January 4, 1974 – The U.S. Fish and Wildlife Service listed gray wolves as endangered under the Endangered Species Act.
April 1, 2003 – The Service issued a final rule to reclassify and reduce federal protections for northern Rockies gray wolves.
January 31, 2005 – Ending a suit brought by the Center and allies, a federal judge overturned the Service’s 2003 downlisting of the wolves.
June 25, 2007 – The Center and Western Watersheds Project filed suit against the U.S. Department of Agriculture for failing to assess the ecological impact of a federal sheep-grazing station in Montana and Idaho west of Yellowstone National Park. The USDA Sheep Experiment Station grazes more than 6,000 sheep on more than 100,000 acres of public land, threatening the habitat of northern Rockies gray wolves and other imperiled native species.
January 28, 2008 – Seven conservation organizations, including the Center, sued the Service for adopting a rule allowing the states of Idaho, Wyoming, and Montana to kill up to half of the Rocky Mountain wolf population.
February 19, 2008 – The Center’s case against the Department of Agriculture was settled when the Department agreed to assess the ecological impact of its Sheep Experiment Station.
February 27, 2008 – The Service announced the removal of northern Rockies wolves from the endangered species list, to be effective March 28. The Center and 10 allies filed a notice of intent to sue the Service for the decision.
April 28, 2008 – The Center and 11 allies filed suit against the Service for delisting the wolves.
July 18, 2008 – A federal judge issued a temporary injunction restoring northern Rockies gray wolves to the endangered species list pending the conclusion of the lawsuit challenging their delisting.
September 16, 2008 – The Fish and Wildlife Service announced it was giving up its attack on the wolves and withdrawing its rule removing them from the endangered species list.
October 25, 2008 – The Service re-opened for public comment its 2007 proposal to delist the wolves.
March 5, 2009 – The Fish and Wildlife Service moved forward with the Bush administration’s plan to remove gray wolves in the northern Rockies and the upper Midwest from the federal Endangered Species list.
March 25, 2009 – In passing the Omnibus Public Land Management Act of 2009, Congress approved a demonstration project involving federal compensation for livestock losses to wolves, as well as federal funding for nonlethal activities to reduce the risk of livestock losses to wolves.
April 2, 2009 – The Fish and Wildlife Service’s rule to delist northern Rockies and Great Lakes–region wolves was published in the Federal Register; the Center and allies, represented by Earthjustice, filed a 60-day notice of intent to sue.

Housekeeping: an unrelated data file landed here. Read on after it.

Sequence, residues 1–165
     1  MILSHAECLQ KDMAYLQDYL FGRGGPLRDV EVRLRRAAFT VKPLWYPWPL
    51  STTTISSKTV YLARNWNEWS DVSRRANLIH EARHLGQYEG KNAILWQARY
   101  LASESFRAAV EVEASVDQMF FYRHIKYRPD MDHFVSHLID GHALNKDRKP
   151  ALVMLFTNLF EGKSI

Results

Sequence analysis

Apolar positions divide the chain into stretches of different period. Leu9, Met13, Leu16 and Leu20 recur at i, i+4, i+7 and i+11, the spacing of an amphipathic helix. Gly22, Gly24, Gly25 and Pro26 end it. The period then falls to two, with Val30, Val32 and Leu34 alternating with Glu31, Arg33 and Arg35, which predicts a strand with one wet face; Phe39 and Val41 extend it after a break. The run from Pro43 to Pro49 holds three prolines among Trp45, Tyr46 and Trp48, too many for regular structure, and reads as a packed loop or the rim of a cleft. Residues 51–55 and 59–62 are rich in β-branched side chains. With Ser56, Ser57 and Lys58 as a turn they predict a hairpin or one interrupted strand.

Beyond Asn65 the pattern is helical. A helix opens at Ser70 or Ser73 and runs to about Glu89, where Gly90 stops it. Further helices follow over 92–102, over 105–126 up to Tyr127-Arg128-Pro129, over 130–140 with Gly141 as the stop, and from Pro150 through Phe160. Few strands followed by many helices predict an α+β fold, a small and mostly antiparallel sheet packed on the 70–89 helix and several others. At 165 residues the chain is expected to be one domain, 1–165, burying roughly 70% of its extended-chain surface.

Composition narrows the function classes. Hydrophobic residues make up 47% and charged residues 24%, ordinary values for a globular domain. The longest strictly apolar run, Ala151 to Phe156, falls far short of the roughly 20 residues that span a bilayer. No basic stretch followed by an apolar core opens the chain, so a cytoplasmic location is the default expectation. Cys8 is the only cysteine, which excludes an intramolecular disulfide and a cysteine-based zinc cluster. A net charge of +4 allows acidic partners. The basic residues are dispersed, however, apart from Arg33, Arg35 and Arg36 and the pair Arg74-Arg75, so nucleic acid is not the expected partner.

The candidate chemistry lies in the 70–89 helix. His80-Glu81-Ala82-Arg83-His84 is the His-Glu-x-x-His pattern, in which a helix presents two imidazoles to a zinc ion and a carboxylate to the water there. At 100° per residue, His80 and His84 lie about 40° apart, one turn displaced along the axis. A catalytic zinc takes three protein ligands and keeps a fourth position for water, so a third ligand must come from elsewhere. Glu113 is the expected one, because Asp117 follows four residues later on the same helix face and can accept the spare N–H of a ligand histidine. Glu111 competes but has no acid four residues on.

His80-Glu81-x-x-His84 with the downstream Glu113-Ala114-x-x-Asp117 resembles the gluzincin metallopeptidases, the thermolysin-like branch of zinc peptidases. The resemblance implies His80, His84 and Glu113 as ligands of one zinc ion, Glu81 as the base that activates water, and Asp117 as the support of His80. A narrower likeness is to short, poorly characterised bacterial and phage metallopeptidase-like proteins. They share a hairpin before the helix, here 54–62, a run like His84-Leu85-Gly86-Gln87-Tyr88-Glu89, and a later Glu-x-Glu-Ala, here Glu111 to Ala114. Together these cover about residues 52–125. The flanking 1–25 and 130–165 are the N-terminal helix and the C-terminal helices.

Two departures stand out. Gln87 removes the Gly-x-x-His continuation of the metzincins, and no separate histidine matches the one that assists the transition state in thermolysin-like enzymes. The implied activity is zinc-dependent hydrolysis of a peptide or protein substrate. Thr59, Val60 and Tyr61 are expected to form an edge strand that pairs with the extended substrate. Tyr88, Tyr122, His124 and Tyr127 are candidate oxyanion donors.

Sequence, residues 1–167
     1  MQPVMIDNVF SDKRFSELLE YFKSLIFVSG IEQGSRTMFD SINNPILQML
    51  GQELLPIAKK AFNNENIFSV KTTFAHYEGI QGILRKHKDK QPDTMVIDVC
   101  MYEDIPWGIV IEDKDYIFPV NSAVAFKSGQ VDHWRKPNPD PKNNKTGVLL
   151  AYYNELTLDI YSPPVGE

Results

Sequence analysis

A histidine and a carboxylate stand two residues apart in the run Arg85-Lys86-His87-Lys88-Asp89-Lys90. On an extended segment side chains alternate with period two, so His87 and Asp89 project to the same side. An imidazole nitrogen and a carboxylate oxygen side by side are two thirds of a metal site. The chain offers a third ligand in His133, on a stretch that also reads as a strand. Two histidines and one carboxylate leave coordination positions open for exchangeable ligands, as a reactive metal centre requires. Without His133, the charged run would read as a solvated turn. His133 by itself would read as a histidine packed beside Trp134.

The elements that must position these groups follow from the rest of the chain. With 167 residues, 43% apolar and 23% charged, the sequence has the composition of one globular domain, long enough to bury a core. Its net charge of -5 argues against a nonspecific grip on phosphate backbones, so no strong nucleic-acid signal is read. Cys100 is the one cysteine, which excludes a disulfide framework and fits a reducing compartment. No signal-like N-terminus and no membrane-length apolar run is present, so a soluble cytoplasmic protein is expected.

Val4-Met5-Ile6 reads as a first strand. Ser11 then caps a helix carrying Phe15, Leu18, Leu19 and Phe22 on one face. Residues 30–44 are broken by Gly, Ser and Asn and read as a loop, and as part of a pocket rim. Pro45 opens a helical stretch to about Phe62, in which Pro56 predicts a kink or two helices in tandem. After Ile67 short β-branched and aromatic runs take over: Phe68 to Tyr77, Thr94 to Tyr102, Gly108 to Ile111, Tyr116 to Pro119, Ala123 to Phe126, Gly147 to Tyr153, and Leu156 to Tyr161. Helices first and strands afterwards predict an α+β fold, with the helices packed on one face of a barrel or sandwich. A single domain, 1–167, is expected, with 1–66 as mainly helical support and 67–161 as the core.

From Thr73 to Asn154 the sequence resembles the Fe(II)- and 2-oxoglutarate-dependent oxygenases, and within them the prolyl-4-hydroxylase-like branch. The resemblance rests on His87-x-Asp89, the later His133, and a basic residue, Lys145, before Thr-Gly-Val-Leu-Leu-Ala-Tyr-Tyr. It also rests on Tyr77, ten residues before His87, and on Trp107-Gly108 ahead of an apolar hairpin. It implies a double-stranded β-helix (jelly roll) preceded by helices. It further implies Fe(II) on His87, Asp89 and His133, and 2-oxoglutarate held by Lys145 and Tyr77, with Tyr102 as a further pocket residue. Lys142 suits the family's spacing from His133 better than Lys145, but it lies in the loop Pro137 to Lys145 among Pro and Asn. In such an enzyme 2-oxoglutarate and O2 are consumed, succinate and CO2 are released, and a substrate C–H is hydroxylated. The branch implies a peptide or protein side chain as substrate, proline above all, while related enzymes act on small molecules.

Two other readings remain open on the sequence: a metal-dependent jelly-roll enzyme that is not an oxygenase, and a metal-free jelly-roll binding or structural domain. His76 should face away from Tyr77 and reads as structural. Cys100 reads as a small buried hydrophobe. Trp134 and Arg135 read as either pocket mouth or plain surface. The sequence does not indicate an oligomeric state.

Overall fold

June 2, 2009 – The Center and allies filed suit to restore Endangered Species Act protections to gray wolves in Idaho and Montana.
August 20, 2009 – The Center and allies requested that a federal district court block wolf hunts in Idaho and Montana. Idaho had authorized the killing of 225 wolves in a hunt to begin Sept. 1; Montana had authorized the killing of 75 wolves in a hunt scheduled for Sept. 15.
September 8, 2009 – A federal district court found that the delisting of northern Rockies wolves was probably illegal, finding merit in our case against the administration for removing the wolves’ protections. However, the judge declined to stop the wolf hunts in Idaho and Montana.
June 2010 – The Center sent a letter to the federal agency Wildlife Services, asking it to withdraw authorization for killing two eastern Oregon wolves because not enough had been done by area ranchers to avoid depredations.
July 1, 2010 – The Center, Cascadia Wildlands, the Hells Canyon Preservation Council and Oregon Wild sued Wildlife Services for its role in killing the two Oregon wolves.
July 2, 2010 – In response to our July 1 lawsuit, Wildlife Services voluntarily agreed not to kill any wolves in Oregon for at least four weeks.
July 20, 2010 – The Center petitioned the Obama administration for a national recovery plan to establish wolf populations in suitable habitat in the Pacific Northwest, California, Great Basin, southern Rocky Mountains, Great Plains and New England.
November 13, 2012 – Conservation groups filed suit challenging the federal government’s elimination of Endangered Species Act protections for Wyoming wolves.
December 26, 2012 – After Mexico released nine Mexican gray wolves near the U.S. border in the Sierra Madre — and since wolves from the northern Rocky Mountains could make their way south at any time — the Center filed a formal notice of intent to sue the Service over its decision to grant itself a “recovery permit” to live-capture endangered wolves that may enter New Mexico and Arizona from Mexico or the Rocky Mountains.
May 21, 2013 – In two sharply worded letters sent to Interior Secretary Sally Jewell, prominent scientists argued for continued protections for gray wolves across the lower 48 states and criticized a draft federal proposal to remove those protections for being premature and failing to follow the best available science. One of the letters came from the American Society of Mammalogists, the other from 16 prominent biologists.
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